When starting a blog, you have one big question to ask yourself — which is, “what blogging platform will you choose?”

There are plenty of options to choose from, but in my personal opinion, there is only one right answers… which is WordPress of course!

WordPress currently powers the majority of blogs on the internet today. It’s free to use and they actually have two different versions for you to get setup with, which are WordPress.com and WordPress.com. WordPress.org is a self-hosted version of WordPress that allows you to download the software and run it off your own domain and web hosting. WordPress.com is another free solution, but instead of running the software off your own hosting and domain, you would be running it through their web site.

Both options are nice, but I would always recommend going with the self-hosted version as there are just so many advantages and benefits to having and owning your own content — all of which are discussed below and shown visually through the infographic below.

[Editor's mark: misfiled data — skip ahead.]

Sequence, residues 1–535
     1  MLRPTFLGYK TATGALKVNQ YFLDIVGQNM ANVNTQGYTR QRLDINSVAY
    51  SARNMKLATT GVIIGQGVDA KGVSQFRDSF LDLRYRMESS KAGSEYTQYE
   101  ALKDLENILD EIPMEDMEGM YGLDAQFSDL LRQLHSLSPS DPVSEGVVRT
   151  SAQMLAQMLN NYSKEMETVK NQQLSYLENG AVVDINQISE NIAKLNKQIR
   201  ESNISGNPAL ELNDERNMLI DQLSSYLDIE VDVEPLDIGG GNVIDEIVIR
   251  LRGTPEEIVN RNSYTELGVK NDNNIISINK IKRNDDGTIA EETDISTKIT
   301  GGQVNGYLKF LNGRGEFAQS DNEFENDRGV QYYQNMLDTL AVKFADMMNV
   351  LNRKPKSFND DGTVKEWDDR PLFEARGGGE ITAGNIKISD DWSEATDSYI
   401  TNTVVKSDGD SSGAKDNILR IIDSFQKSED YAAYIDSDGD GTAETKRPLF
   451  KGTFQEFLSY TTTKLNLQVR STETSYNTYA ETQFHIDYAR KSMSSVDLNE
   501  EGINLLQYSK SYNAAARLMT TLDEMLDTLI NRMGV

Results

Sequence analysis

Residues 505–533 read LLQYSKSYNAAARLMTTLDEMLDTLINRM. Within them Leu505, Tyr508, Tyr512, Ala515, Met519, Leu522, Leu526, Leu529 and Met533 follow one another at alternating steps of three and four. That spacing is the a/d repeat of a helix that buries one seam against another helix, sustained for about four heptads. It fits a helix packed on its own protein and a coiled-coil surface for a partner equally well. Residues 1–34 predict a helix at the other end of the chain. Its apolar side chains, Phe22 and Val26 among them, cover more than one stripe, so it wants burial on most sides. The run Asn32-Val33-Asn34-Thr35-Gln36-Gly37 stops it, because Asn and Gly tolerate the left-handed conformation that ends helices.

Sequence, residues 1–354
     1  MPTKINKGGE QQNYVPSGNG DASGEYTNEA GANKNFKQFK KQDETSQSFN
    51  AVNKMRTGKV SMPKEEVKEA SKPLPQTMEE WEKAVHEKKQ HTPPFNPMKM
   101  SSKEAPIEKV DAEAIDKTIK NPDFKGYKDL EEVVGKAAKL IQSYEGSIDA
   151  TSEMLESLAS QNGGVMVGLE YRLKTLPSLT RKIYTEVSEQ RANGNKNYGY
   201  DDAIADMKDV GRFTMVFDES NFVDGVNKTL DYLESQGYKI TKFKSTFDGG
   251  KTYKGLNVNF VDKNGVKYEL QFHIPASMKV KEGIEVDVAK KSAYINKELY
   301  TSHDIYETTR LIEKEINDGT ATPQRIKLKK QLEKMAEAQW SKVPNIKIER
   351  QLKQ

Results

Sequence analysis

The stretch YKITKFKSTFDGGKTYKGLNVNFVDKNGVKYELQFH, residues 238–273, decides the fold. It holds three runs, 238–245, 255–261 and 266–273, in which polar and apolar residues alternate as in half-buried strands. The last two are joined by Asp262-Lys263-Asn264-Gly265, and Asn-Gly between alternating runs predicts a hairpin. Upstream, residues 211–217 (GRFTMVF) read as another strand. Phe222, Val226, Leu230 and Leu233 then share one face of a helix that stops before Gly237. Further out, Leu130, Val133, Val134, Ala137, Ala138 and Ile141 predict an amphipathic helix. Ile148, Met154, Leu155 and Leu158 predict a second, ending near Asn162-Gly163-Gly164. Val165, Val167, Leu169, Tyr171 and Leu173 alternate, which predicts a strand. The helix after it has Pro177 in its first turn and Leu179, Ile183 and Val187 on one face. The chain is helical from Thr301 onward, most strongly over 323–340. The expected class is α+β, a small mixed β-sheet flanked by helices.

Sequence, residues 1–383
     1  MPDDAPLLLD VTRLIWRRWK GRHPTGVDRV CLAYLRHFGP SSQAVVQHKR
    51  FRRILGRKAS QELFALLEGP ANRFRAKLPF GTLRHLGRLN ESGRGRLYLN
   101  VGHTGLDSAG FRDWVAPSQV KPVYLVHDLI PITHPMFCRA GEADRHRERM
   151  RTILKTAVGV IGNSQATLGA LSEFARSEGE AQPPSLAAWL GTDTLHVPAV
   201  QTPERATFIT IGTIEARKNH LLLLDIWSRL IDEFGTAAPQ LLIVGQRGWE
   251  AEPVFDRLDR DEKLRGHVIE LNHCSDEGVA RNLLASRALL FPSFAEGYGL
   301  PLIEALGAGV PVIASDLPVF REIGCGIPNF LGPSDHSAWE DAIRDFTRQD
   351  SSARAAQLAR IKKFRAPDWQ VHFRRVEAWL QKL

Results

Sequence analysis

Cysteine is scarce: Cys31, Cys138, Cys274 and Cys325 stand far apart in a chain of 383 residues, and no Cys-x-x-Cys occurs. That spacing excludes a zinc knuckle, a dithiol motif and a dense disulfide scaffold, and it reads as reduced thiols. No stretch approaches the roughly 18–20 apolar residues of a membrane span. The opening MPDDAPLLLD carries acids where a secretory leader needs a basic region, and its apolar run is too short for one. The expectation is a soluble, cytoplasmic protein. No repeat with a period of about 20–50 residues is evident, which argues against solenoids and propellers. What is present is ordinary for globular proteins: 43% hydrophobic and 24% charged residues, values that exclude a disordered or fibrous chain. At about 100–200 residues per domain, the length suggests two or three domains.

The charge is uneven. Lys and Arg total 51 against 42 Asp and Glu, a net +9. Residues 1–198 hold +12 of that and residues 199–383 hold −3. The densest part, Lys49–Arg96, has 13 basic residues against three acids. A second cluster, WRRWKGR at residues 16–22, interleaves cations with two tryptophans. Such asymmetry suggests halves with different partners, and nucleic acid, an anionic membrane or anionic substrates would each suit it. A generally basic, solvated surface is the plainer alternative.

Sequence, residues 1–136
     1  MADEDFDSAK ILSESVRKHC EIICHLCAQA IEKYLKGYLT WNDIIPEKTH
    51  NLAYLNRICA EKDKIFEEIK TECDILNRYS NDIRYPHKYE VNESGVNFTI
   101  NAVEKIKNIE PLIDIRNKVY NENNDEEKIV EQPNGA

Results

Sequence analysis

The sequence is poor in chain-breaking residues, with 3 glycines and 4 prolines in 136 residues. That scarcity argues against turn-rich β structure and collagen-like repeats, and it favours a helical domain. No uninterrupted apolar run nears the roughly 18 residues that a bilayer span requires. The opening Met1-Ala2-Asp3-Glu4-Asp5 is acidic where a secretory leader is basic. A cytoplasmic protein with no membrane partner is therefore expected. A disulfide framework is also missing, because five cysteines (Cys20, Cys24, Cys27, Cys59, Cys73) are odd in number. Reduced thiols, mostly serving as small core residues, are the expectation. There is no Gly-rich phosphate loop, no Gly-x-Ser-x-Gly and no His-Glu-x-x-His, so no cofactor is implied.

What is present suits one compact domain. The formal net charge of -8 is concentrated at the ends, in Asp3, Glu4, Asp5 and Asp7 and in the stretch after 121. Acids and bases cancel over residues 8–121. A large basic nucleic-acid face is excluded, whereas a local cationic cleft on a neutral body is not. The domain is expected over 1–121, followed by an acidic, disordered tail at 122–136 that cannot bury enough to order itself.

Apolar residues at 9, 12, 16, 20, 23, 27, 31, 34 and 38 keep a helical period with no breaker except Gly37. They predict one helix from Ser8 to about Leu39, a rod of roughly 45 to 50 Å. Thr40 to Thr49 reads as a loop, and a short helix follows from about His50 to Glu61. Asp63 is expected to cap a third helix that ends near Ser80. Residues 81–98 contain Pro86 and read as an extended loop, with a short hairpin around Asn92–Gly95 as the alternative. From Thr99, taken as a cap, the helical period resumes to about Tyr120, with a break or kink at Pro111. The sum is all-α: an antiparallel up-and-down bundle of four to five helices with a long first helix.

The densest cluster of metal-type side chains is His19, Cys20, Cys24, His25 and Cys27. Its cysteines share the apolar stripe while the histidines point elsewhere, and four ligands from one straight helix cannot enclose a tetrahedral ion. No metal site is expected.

WordPress.org vs. WordPress.com – Which is Best for Your Blog?

As mentioned, there are plenty of blogging platforms out there for you to choose from… but most of them are a waste of time. WordPress is the biggest, best and baddest beasts out there. It has the most plugins, themes and customization options as well. It’s also important to realize that while WordPress.com is a free blogging platform, it does offer upgrade and premium options that can’t be found on other free platforms like Blogspot.

Now it’s time to put free the self-hosted version up against the free wordpress.com version.

WordPress Theme Support

The look and feel of your site is very important. With a self-hosted version of WordPress running your blog, you can have complete customization over the look and feel of your site — whether it’s with a free, premium or custom WordPress theme. As a user of WordPress.com, you will be limited to the themes available to users under the free blogging service.

WordPress Plugin Support